With the hype behind the Final Fantasy VII Remake revitalized after a trailer was recently released, fans have once again started to buzz about what’s to come. Opinions are flying left and right, be it feelings about the remake’s action-RPG combat, Barret’s voice, or plans for an episodic release.
One thing that everyone does seem to agree on is that, given so much time, Square Enix has got to get this game right.
That being said, let’s talk about the five parts of Final Fantasy’s core storyline that Square Enix can’t afford to mess up in Final Fantasy VII’s remake.
Please be advised that this article contains spoilers for Final Fantasy VII.
Escaping From Midgar
This moment will forever remain one of the greatest game-starting atmospheres in JRPG history, and that isn’t a statement made through the lens of nostalgia.
If you never had the opportunity to experience Midgar as an unspoiled adventure, let me explain why the remake has to recreate this area properly.
Playing through Midgar alone offers an experience that outshines some other RPGs of Final Fantasy VII’s time, and Square Enix recently confirmed that the Final Fantasy VII Remake will be released as a series of episodic titles.
Don’t be surprised if Midgar takes up the entire first episode.
Luzbelheim’s world-record run of Final Fantasy VII has him escaping Midgar a little under 1 hour and 33 minutes into the game. This was set in February of this year, so bear in mind that it includes the newly discovered Sector 7 skip—a massive time-saver.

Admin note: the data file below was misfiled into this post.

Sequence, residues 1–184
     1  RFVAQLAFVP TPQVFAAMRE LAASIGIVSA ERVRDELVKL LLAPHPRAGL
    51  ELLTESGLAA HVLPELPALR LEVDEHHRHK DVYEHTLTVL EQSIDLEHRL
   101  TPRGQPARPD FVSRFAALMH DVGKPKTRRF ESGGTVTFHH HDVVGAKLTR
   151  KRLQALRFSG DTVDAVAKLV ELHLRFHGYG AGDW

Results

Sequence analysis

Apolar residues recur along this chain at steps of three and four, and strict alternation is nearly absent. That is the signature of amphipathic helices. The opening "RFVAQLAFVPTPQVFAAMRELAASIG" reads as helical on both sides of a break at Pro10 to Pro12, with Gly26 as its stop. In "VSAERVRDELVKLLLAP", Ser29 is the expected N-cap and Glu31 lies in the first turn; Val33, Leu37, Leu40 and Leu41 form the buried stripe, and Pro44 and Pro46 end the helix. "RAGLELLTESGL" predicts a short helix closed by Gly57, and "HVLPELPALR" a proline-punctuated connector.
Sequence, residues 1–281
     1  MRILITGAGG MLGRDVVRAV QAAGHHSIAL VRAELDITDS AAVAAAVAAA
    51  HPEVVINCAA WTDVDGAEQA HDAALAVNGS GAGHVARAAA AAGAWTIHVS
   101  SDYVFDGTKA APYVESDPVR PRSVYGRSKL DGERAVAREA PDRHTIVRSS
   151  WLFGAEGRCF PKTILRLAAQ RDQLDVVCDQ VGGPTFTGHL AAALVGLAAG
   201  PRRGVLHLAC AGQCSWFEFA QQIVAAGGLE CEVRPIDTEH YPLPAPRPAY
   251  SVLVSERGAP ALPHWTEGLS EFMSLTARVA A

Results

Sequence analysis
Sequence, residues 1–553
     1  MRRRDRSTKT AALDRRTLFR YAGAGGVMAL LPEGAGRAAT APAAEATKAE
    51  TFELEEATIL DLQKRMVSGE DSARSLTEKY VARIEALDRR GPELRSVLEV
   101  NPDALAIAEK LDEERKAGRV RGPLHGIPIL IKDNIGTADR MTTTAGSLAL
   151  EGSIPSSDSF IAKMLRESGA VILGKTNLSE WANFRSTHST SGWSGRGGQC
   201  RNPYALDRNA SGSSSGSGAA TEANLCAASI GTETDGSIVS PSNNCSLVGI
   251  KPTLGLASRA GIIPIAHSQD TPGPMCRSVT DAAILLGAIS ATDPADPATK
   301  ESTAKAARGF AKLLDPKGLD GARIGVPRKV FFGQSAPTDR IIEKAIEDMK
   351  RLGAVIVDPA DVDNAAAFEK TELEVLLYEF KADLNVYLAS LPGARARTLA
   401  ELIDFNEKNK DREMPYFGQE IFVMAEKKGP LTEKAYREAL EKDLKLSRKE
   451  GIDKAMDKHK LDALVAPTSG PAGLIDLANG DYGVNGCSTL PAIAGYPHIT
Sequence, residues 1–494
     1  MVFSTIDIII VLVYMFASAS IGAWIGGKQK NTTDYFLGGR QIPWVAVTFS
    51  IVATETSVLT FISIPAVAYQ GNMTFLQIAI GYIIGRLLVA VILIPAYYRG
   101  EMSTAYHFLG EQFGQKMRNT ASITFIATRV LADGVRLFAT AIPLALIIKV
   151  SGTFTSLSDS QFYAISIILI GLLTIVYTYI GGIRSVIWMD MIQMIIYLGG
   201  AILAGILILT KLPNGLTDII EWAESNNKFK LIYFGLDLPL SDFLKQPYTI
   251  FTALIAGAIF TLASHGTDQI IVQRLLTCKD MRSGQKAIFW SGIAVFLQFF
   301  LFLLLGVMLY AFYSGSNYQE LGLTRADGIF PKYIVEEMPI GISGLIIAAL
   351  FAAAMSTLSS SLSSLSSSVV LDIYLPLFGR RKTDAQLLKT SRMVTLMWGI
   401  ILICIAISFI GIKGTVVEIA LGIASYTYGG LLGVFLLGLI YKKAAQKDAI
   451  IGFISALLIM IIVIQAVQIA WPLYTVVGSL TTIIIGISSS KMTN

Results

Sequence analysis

The final run time was 7 hours and 14 minutes, which means escaping Midgar accounted for over 21% of his playtime. Of course, a speedrun and casual playthrough operate very differently—still, few other RPGs have put such an emphasis on their starting area.
Midgar really hit a sweet spot during my first playthrough of the game. The feeling of finally getting out of those run-down slums and seeing the brighter, more vibrant colors of the outside world was jolting.
This is also the first time you see Final Fantasy VII’s world map, which invokes the feeling of having so much more ahead of you.
It leaves the player wondering many different things: How much content is in this game? Are the other towns going to provide such a story-rich adventure? Am I really only just getting started?
While Square Enix’s remake won’t be able to recapture this exact same feeling for those of us who’ve played the original, it’s important that Midgar be an exhausting and exciting experience. It’s the perfect appetizer for such an awesome game.